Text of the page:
What does a farm intern do over the winter months to keep herself busy until the beginning of spring fun begins? Other than dream of crop rotation designs and new vegetables to try I also had the opportunity to attend an all day conference about biochar! Biochar is a very old concept that is only recently getting new attention for its carbon sequestering capabilities. The biochar story begins in Brazil when anthropologists discovered what they termed as “terra preta” or dark earth. When they tested the soil they found that it had very high levels of charcoal that had been buried thousands of years earlier. The impact of the charcoal made the soil more efficient in retaining water and nutrients and it can still be seen in the soil today.
One major question I had going into this conference was what is the difference between charcoal and biochar? Hugh McLaughlin, a scientist at Alterna Biocarbon, answered that question for me. It was explained that charcoal is fuel that is used to cook and is made at around 300 degrees Celsius. Biochar on the other hand is a soil amendment and is made at 600 degrees Celsius. The key difference is the amount of mobile vs. resident matter. When you heat the biomass (woodchips, organic waste, manure, crop residues), to such a high temperature it becomes extremely stable and also creates a very porous structure. Good biochar should have high cation exchange capacity and absorption capacity – these are what make the biochar so beneficial to the soil. The main benefits of biochar are (1) improved moisture dynamic, (2) improved nutrient retention (N, P, K for example), (3) improved microbe survival during drought, and (4) improved plant – microbe synergisms. So, the idea is that biochar will keep carbon in the soil, rather than in the atmosphere, whilst simultaneously leading to improved soil health and larger crop yields.
The process of making biochar involves collecting your biomass (referred to as feedstock) and lighting it on fire in a sealed container with very low oxygen conditions. Ideally the feedstock you use is coming from your farm or very near by, or else it kind of defeats the whole carbon saving notion. There are many different devices to make biochar – ranging from homemade “TLUD” (Top Lit Up Draft) Ovens, to much larger scale kilns and retorts. Click HERE for instructions on building yur own TLUD. They did a biochar making demonstration at the conference using homemade TLUDs. There are also more and more companies that are selling biochar on the web. The most reputable companies mentioned at the conference (in which the biochar has been tested and approved) were Soil Reef, Encendia and Colorado Biochar. It was also emphasized that testing your biochar is really important before using it. Now that there is a market for it, there are companies using left over wood scraps from construction sites as their feedstock. Bad biochar can actually do soil more harm than good – so it is important to know the contents of your char.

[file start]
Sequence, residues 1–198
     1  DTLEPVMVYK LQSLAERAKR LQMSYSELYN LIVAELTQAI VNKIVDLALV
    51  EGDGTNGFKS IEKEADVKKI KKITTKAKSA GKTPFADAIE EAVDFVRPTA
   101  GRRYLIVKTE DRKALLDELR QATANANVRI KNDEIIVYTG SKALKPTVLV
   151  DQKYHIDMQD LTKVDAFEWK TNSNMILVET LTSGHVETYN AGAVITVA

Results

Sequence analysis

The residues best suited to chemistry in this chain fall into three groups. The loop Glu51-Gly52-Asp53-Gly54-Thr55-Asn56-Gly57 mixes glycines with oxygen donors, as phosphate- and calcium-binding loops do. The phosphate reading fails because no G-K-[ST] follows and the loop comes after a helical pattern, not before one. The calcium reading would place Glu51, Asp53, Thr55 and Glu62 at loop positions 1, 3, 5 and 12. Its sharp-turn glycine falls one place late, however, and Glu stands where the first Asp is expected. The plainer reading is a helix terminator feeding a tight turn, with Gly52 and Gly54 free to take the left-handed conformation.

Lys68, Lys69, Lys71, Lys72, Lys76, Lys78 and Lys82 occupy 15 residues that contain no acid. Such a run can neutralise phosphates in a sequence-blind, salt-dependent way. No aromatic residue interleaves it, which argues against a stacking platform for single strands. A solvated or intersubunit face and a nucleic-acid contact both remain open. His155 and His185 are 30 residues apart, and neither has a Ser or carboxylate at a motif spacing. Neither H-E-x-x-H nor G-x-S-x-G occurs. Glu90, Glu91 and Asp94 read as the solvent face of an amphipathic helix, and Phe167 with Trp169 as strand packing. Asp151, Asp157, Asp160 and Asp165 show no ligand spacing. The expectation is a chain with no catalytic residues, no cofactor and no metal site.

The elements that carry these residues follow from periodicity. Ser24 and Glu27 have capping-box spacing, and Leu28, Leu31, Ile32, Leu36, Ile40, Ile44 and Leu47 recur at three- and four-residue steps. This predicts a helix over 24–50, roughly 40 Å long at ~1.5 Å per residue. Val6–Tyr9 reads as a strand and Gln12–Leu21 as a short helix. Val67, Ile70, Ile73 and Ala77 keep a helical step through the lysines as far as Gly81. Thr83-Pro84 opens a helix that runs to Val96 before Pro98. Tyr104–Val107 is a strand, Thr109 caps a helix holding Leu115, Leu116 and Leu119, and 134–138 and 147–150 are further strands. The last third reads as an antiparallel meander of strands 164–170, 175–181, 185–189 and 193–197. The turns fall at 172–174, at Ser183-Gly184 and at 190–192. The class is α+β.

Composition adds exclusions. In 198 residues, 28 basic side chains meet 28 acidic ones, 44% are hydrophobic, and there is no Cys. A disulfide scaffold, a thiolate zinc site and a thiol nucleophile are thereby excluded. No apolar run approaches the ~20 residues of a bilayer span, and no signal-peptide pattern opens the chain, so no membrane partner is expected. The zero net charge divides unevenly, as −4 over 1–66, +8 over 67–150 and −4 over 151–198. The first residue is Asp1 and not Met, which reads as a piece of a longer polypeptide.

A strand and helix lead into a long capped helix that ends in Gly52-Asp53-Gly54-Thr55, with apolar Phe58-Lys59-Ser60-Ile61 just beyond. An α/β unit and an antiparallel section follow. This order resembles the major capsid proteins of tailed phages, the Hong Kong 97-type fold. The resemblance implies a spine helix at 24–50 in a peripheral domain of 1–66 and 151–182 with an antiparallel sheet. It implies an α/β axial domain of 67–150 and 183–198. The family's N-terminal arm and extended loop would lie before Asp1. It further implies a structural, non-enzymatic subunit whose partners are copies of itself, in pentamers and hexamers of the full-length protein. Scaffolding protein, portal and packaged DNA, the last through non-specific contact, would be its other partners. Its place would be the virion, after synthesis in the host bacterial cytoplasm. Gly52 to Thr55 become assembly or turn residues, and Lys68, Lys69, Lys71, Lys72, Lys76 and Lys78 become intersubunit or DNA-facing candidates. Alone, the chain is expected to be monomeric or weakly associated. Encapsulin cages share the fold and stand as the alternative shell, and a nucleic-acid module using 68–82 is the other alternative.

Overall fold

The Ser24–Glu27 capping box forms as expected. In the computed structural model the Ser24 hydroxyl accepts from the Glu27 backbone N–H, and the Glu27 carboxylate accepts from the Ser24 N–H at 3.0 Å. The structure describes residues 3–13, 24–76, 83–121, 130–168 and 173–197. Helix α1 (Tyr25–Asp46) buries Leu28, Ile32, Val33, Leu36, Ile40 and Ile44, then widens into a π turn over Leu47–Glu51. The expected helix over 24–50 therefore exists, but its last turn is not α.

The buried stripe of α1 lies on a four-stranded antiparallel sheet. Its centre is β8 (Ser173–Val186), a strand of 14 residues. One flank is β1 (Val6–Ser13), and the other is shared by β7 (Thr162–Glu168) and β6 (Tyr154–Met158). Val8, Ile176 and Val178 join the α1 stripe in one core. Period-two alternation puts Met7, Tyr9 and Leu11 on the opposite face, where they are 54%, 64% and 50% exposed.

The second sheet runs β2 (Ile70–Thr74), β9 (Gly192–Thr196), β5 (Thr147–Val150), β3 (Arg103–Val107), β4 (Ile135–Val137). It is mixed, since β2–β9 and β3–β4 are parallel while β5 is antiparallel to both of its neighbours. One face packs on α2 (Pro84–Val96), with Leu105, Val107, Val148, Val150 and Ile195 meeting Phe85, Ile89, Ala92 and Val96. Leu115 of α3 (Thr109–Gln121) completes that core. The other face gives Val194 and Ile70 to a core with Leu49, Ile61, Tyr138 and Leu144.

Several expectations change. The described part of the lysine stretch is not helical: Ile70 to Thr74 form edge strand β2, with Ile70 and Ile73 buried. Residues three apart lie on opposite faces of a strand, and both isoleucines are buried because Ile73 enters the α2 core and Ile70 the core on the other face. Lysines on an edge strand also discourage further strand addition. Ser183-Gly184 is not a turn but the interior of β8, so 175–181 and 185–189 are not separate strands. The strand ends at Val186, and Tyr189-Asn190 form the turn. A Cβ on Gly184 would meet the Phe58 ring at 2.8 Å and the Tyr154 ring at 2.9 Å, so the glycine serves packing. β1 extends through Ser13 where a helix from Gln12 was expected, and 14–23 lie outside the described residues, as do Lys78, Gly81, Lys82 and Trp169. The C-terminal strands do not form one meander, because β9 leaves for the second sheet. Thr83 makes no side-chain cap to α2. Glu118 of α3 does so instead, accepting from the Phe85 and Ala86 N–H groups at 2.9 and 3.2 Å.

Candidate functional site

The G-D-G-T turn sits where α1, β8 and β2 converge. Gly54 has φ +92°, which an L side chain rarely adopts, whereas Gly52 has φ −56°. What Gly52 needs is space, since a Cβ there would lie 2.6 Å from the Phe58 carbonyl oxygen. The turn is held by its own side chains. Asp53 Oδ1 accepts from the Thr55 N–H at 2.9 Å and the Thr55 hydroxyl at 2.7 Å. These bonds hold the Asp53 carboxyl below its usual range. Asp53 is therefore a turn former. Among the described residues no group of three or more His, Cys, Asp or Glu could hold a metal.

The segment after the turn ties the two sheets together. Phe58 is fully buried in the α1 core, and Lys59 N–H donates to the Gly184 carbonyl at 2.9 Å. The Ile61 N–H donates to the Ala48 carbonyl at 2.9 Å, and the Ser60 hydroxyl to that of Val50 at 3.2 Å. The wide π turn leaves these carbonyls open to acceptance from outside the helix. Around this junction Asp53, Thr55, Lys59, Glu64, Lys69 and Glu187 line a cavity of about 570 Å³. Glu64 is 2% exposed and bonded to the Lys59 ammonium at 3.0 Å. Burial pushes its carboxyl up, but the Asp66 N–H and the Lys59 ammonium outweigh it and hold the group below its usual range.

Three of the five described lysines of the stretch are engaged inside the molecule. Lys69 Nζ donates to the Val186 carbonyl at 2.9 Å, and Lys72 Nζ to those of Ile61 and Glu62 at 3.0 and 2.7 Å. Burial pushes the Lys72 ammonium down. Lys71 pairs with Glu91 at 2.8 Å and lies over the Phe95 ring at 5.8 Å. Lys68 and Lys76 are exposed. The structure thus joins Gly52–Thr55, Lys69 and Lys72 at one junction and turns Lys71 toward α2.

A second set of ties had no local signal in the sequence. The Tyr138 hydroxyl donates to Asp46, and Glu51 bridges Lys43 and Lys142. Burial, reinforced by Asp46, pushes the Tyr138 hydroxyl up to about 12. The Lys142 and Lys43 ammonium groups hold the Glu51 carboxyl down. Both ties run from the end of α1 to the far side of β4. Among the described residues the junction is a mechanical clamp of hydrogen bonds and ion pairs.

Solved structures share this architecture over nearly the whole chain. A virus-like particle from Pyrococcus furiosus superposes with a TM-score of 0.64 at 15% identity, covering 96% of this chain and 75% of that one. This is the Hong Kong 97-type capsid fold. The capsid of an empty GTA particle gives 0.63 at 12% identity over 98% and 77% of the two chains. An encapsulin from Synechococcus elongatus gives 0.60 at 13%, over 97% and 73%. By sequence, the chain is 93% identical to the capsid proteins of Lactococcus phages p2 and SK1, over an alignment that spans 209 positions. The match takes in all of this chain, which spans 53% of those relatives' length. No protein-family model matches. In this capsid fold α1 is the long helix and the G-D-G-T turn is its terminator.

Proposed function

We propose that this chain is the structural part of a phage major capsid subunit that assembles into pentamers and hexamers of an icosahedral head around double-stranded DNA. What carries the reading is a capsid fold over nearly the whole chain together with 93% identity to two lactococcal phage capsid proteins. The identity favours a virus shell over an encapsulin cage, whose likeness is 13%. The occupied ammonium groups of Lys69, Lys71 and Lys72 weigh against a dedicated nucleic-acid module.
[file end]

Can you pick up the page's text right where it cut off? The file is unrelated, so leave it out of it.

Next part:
Once you have your biochar – you need to charge it. There are no nutrients inherent to the biochar, so the most common way to charge biochar is to combine the char with compost in a 50:50 ratio. You can add the char to the compost in the early stages of the compost and let it go through the process of composting. You can also mix it with finished compost and let it sit for about 2 weeks – this process is referred to as “weathering the char”. Compost is great but the benefits only last so long, the idea with biochar is that it absorbs the nutrients and makes them available to the plants for a much longer period of time. When you are ready to apply it to the soil, you can just add it by hand and mix it with the topsoil. Application rates range from between 1-10 tons per acre depending on your soil needs.
There is still a lot of research to be done in this field to determine the lasting benefits of biochar. But there are certainly a lot of exciting prospects and research projects being done. One farmer at the conference brought his own biochar to give out to fellow farmers as long as they promised to report back their experience with the char. The community of biochar users is still relatively small and there remains a need for more information on the use of biochar on small and large scales. I am happy to report that we have a bag of this precious biochar to experiment with this season at the farm. We will continue to report on our findings and hopefully will have some record yields!